Cracking the Basics of Plant-based Eating

If you’re looking for a healthy way to eat every day that is simple, suits the whole family, and tastes great too, then look no further. Plant-based eating is a great option and doesn’t have to be “all or nothing.” You don’t have to go meat-free to be more plant-based.

According to ‘The Eatwell Guide’, published in March 2016, three quarters of our diet should now come from plant-based food.

What is it?

Fruits and vegetables, whole grains and a variety of protein-rich foods like beans and peas, nuts, seeds and soy (like edamame) are the mainstays of plant-based eating. Low-fat milk and dairy products, seafood, lean meat, poultry and eggs can also be included if desired, but are not the focus of plant-based menus. It is not exclusionary, but rather about being more mindful of plant sources of protein. The use of sugars, salt and saturated fats should all be minimal.

Why Plant-Based?

Compared to a typical diet, a plant-based philosophy is higher in unsaturated fats and fibre, both of which support better health. It can be more nutrient-dense and contain more vitamins, minerals and phytonutrients, which help to reduce your risk for chronic disease. Plant-based diets offer a great variety of flavours and textures. View the Plant-based shopping list here.

More Plants, Not Meatless

Plant-based eating doesn’t have to be vegetarian or vegan. There are a number of plant-based eating plans like the Mediterranean Diet and Dietary Approaches to Stop Hypertension (DASH) that include small amounts of poultry, lean red meat and seafood. If you prefer an entirely vegetarian regimen, however, there are plenty to choose from. Part of the beauty is that plant-based eating is customizable to your unique preferences. For some, the transition to a diet with more plant-based foods is best accomplished through gradual steps. In general, the recommended serving size for animal protein in a meal is three ounces. Try making that three-ounce threshold your first goal, then reduce the meat content from there as desired.

Plants & Protein

Plant sources of protein include nuts, beans and other legumes, peas, seeds, tofu, tempeh (a fermented soy product), and whole grains like brown rice, faro, sorghum, and quinoa. When combined with walnuts, plant-based dishes can be just as satisfying as comparable portions of meat-based dishes, due to plant-based meals being higher in fibre.

Good Fats

There is a lot of talk about good and bad fats, but it’s not quite as simple as that. Your body actually needs dietary fat for energy and to process certain vitamins and minerals. What you need to know is that it’s all about balance: between saturated and unsaturated fats.

What is Saturated Fat?

While there are some exceptions, most saturated fats are solid at room temperature such as butter, ghee, lard. A diet high in saturated fat may raise your low-density lipoprotein (LDL) cholesterol levels which could increase your risk of heart disease and type 2 diabetes.

What is Unsaturated Fat?

Most unsaturated fats tend to be liquid at room temperature and replacing saturated fat with unsaturated fat can improve your health. Unsaturated fat comes from plants and can be found in:

  • vegetable oils
  • olives
  • nuts (such as walnuts) and seeds
  • some fish

There are two main types of unsaturated fat which include monounsaturated fats (MUFA) and polyunsaturated fats (PUFA). Current UK dietary guidelines recommend that the majority of our fat intake should come from these two heart-friendly unsaturated types.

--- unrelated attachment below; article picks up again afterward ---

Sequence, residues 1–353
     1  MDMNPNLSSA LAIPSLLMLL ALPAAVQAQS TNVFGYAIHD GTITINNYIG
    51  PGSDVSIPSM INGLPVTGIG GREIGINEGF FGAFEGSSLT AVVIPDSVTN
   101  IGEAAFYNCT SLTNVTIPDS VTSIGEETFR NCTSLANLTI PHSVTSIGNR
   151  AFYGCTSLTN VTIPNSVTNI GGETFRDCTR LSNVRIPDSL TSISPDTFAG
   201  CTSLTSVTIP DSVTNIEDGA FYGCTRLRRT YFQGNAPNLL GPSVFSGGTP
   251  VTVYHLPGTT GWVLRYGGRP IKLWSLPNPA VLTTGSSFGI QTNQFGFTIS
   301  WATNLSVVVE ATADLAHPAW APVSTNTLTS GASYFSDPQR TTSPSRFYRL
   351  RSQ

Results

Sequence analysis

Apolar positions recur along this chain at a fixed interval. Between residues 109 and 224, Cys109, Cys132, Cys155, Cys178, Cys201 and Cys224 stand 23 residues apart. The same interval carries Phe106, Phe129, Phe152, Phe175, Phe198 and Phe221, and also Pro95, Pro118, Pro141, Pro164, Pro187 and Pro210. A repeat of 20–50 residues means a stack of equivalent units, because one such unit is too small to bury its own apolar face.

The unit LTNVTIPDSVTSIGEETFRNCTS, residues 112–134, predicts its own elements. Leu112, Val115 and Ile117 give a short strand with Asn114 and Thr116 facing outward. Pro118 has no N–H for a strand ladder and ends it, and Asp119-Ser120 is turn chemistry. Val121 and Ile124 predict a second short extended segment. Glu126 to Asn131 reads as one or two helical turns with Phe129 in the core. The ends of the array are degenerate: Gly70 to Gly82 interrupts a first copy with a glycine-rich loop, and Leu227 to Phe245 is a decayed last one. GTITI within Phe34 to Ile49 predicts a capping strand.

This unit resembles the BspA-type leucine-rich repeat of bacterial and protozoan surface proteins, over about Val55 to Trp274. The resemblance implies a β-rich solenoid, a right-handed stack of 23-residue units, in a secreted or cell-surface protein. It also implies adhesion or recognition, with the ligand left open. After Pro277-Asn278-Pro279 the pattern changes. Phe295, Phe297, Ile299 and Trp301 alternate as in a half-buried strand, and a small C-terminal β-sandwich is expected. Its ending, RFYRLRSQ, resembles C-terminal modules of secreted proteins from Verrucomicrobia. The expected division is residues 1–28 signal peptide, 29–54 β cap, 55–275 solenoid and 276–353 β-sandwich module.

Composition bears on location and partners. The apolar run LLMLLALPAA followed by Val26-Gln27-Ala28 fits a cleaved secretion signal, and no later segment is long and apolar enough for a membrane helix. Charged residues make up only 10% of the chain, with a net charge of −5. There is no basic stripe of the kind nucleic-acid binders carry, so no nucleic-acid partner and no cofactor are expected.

Walnuts are unique among nuts for they are primarily comprised of PUFAs, with 14 out of 19 grams of total fat per 30g serving. As a result, walnuts are the only tree nut that offers an excellent source of the plant-based omega-3 fatty alpha-linolenic acid (ALA). In other words, 83% of a walnut’s fat content is unsaturated. That means that when you eat walnuts in place of another food that’s high in saturated fat (e.g. chocolates), they can help to lower cholesterol levels too.

Omega-3 Fatty Acids
There are three kinds of omega-3 fatty acids: Alpha-Linolenic acid (ALA), which is found in plant-based foods, and eicosapentaenoic acid (EPA)  and docosahexaenoic acid docosahexaenoic acid (DHA),which comes from marine sources.

As your body cannot make ALA, you must get it from the foods you eat. Our bodies need omega-3 fats, including ALA, for everyday functions – including helping to maintain normal cholesterol levels, which is important for heart health. Enjoying a 30g handful of walnuts each day is a great way to get your omega-3 fix, as they are a source of ALA.

How do I add more plant-based food to my diet?

Focus on adding. Instead of dining on just chicken and rice, add a cup of sautéed broccoli, roasted carrots or mix in cauliflower rice. Fruits like peaches and berries make for delicious plant-based additions to desserts and walnuts will give them that extra crunch. For snacks, try setting out a bowl of toasted or seasoned walnuts to nibble on throughout the day. Plant-based eating is not an all-or-nothing proposition. If it helps you get started, choose just one day each week to focus on plant-based meals.

Too Busy to Cook?

A slow cooker or pressure cooker is the most important ally a busy plant-based eater can have. One-pot meals can simmer to flavourful perfection while you’re working or sleeping. They also happen to be a great way to cook dried beans. When dining out, Mediterranean, Asian and Mexican cuisines typically offer more options for people wanting to include vegetables and beans.

Your Next Meal

Now that you know, it’s time to take action. Check out the plant-based recipe collection page for a variety of tasty ideas, and make your next meal the first in a shift toward healthier eating.

Download Plant-Based Eating Guide
Download Health Research Guide

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